Last week saw the third anniversary of my ‘medical discharge’ from my 12 year sea going career and the start of my adjustment to life as a land lover. I feel like I have changed a lot over the course of the last three years as I have tried to learn more about myself and how my brain works.
The first part of this was figuring out I was autistic, before going on to be formally diagnosed which I have written about in previous posts, though the debate regarding which of my behaviours I can blame on being autistic and which are down to my frequent bad decisions continues.
Since then, it has occurred to me that having strategies to cope with stress would be helpful to lessen potential meltdown situations, sleep better and just be a better person. This time last year I got a telephone assessment with talking therapies, it took me weeks to pluck up the courage and I was surprised by how quickly they got back to me with an appointment once I finally asked (only a few days). However, in those few days, lockdown was announced, I lost my job and as a result had to move house. Basically, I was too stressed to complete the stress prevention course.
Over the last year I (like everyone else) have had a lot of spare time, so I have undertaken a lot of free online courses (sometimes three a week), these have included:
- Big Data and the Environment
- An Introduction to Children’s Visual Culture
- How To Read a Novel
- The Tudors
- Fashion In A Changing World
- Content Management
Looking back over the eclectic list of completed courses on my account, I am struck by how I have forgotten most of them. One I recently signed up to was Mindfulness. This is a term I have never previously understood but I learned from the course it is a series of techniques to better connect to our surroundings. After week one, I discovered it is a lot of sitting quietly and breathing. While I am sure it is great for many people, I realised I am quite happy not knowing what is going on around me. It seems like the more aware of my surroundings I am, the more there is to be stressed about so perhaps that for me, ignorance is bliss.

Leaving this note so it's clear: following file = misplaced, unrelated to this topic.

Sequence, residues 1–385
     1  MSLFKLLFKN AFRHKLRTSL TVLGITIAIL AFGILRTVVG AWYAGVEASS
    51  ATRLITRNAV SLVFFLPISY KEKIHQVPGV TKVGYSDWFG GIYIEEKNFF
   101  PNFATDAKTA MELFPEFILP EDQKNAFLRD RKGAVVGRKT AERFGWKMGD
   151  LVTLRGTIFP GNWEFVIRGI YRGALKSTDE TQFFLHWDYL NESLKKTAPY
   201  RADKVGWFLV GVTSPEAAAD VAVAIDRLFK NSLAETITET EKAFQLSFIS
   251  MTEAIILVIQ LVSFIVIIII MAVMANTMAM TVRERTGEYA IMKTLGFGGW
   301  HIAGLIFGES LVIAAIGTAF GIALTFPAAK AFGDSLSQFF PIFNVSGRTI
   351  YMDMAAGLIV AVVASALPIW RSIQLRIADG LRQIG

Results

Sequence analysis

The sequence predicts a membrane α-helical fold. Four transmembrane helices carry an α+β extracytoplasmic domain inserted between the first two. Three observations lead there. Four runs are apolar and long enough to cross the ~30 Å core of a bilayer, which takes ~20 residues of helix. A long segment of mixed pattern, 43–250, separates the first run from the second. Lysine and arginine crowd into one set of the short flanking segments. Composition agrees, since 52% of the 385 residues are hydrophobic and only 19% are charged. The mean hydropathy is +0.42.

What has been more useful has been learning about CBT (cognitive behavioural therapy). This is a way of becoming aware of negative thoughts so they can be dealt with. It doesn’t stop the thoughts from appearing, but it stops them becoming overwhelming. An example would be somebody with arachnophobia. Doing CBT would not stop them hating spiders but would let them get on with their day rather than quivering in a corner.
For me, I want to use it to sleep better. I have spent many midnight hours getting annoyed about minor incidents that happened twenty or thirty years ago. CBT is showing me that I need to recognise that it is not useful to keep going over all these things everyone else has forgotten. So when something pops into my mind at 3am, I must find something else to focus on so the destructive thoughts don’t ruin my whole night.
Of course, it is taking quite a lot of practice but I feel it is starting to work, I am sleeping better and it is now rare for me to have a terrible night of sleep. Although is that because of the CBT or is that because my life is currently relatively stress free? Also, it is true to say that I might be doing it completely wrong. After all, I haven’t formally done any CBT, I just read about it on the internet…
Let’s see how that goes…